Increasing evidence supports the involvement of systemic inflammation in cancer development and progression. On one hand, inflammation and activation of the immune system enable antitumor activity; on the other hand, they contribute to carcinogenesis, tumor growth, and progression in human cancers [22]. Local inflammation, which is reflected by intratumoral infiltration of neutrophils, macrophages, and leucocytes, was also identified as an independent factor for reduced survival in clear cell RCC patients [23]. In our opinion, inflammation no matter systemic or local contributing to carcinogenesis may be the underlying reason why NLR, neutrophil count, and local intratumoral neutrophil presence are significantly associated with the poor outcome of the RCC patients.

The present study has several limitations, including the retrospective nature of the data collection and data limited to 2 centers. There was no standard for postoperative surveillance, which may have impact on the outcome measurement and subsequent statistical evaluation. Although pathology was rereviewed by urologic pathologists at individual institution, we did not provide a central pathology review. Also, some other prognostic factors, such as performance status score were not evaluated in this study. In addition to the evaluation of the integration of the NLR and ANC to our base model, other prognostic models such as the Kattan nomogram [5] or the UISS model [6] should be evaluated. Nonetheless, even considering these limitations, our data clearly indicate that an increased pretreatment of NLR and ANC might represent an independent prognostic factor for RFS in localized pRCC patients.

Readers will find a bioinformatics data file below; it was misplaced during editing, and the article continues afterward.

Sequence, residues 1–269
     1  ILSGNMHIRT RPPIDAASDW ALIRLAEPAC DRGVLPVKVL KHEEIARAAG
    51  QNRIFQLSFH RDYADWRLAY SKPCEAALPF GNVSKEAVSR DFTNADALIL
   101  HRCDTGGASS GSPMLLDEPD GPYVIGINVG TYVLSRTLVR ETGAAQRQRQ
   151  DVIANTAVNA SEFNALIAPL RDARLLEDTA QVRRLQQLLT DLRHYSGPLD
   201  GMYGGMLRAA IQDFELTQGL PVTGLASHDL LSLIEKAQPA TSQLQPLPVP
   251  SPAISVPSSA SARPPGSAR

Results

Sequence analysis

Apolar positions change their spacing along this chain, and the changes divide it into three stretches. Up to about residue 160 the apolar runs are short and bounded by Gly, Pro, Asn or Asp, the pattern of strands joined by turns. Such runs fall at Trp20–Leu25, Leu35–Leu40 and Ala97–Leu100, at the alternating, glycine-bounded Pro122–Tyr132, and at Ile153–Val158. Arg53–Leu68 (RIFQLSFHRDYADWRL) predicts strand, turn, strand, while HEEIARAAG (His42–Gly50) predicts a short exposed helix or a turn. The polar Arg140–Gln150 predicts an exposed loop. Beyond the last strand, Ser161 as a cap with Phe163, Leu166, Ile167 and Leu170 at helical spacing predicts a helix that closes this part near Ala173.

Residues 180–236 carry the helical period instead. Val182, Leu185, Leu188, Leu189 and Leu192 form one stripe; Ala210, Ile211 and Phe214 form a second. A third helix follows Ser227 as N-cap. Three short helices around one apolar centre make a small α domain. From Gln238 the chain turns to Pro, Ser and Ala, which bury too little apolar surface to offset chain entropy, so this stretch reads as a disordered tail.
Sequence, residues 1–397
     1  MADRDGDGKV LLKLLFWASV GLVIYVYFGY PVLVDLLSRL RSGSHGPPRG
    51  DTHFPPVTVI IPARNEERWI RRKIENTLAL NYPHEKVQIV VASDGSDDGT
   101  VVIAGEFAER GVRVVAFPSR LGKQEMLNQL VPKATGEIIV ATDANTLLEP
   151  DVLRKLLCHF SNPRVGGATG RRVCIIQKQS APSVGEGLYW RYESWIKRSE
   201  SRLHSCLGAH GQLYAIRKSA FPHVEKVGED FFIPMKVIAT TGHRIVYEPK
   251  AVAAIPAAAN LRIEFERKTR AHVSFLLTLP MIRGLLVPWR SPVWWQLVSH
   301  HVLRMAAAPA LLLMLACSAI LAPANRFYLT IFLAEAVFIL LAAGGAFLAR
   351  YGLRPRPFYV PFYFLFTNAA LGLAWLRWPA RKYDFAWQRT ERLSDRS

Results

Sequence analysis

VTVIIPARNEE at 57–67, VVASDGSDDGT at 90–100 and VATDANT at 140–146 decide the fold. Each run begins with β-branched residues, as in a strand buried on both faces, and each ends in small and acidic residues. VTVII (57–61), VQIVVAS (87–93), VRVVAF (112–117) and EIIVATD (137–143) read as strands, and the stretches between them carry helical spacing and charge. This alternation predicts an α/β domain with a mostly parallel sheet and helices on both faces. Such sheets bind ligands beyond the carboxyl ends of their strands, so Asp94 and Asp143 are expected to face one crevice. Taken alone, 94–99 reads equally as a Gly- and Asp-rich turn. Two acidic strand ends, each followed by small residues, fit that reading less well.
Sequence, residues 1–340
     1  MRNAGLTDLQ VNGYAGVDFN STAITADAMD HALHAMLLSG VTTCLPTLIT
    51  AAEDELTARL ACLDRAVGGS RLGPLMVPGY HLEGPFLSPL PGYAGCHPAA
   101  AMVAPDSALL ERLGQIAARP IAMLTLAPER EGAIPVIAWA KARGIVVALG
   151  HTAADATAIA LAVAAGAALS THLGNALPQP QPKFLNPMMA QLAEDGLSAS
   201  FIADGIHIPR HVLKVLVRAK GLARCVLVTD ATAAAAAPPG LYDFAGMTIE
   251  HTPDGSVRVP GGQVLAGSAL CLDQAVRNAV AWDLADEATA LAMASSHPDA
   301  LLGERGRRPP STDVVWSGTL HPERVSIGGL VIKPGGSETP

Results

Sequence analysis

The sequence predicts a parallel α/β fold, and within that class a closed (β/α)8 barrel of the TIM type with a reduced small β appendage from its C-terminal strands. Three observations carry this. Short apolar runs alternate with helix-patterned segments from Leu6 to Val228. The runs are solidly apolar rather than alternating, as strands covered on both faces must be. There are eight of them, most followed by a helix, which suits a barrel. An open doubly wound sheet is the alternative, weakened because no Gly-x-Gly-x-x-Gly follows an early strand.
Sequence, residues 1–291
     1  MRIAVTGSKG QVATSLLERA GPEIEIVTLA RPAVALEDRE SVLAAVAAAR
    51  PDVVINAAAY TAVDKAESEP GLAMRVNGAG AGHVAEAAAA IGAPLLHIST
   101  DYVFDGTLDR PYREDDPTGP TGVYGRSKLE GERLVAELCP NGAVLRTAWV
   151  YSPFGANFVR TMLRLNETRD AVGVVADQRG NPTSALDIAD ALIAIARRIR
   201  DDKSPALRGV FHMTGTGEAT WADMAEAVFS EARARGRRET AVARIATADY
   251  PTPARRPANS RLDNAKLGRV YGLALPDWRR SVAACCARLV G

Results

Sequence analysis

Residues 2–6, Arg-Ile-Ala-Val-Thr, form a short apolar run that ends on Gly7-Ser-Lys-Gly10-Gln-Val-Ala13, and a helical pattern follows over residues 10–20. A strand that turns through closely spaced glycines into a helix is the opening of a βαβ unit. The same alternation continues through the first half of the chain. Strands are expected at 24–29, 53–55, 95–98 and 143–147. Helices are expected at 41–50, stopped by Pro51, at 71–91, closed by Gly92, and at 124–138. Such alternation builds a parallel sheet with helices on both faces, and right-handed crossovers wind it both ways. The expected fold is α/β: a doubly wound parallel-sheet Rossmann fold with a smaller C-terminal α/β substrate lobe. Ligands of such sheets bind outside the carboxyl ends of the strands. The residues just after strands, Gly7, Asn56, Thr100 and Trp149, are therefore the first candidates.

5. Conclusions

In conclusion, an increased NLR and ANC are independent prognostic factors for RFS after surgery with curative intent for localized pRCC. They significantly increase the predictive accuracy of established prognostic factors. Therefore, we recommend adding NLR and ANC to traditional prognostic model, which may improve its predictive accuracy.

6. Clinical Practice Points

Papillary renal cell carcinoma (pRCC) is the second most frequent histologic form of RCC and is characterized by distinct clinical behaviors and better outcome compared with ccRCC. Although neutrophil-to-lymphocyte ratio (NLR) was showed to serve as independent predictor of survival in ccRCC or RCC patients, which were composed of overwhelming majority of patients, the prognostic value of absolute neutrophil count (ANC), NLR in pRCC has not been investigated.

The findings of this study indicate that compared with patients with lower NLR and ANC, patients with higher NLR and ANC were more likely to have larger tumor size. NLR and ANC were independent prognostic factors for RFS of localized pRCC. Adding each factor into the clinicopathological base model could improve the predictive accuracy.

We recommend adding NLR and ANC to traditional prognostic model, which may improve its predictive accuracy. However, until now, NLR and ANC have not been yet included in well-known prognostic models for localized ccRCC, such as UISS, SSIGN models. So, there is still a long way to go to include preoperative NLR and ANC in prognostic models for pRCC patients.

Conflict of Interests

The authors declare that there is no conflict of interests regarding the publication of this paper.

Authors’ Contribution

Jiwei Huang and Douglas M. Dahl contributed equally to the paper.

Acknowledgment

The design and conduct of the project described were supported by Award no. 81402084 from the National Natural Science Foundation of China.

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Copyright © 2015 Jiwei Huang et al. This is an open access article distributed under the Creative Commons Attribution License, which permits unrestricted use, distribution, and reproduction in any medium, provided the original work is properly cited.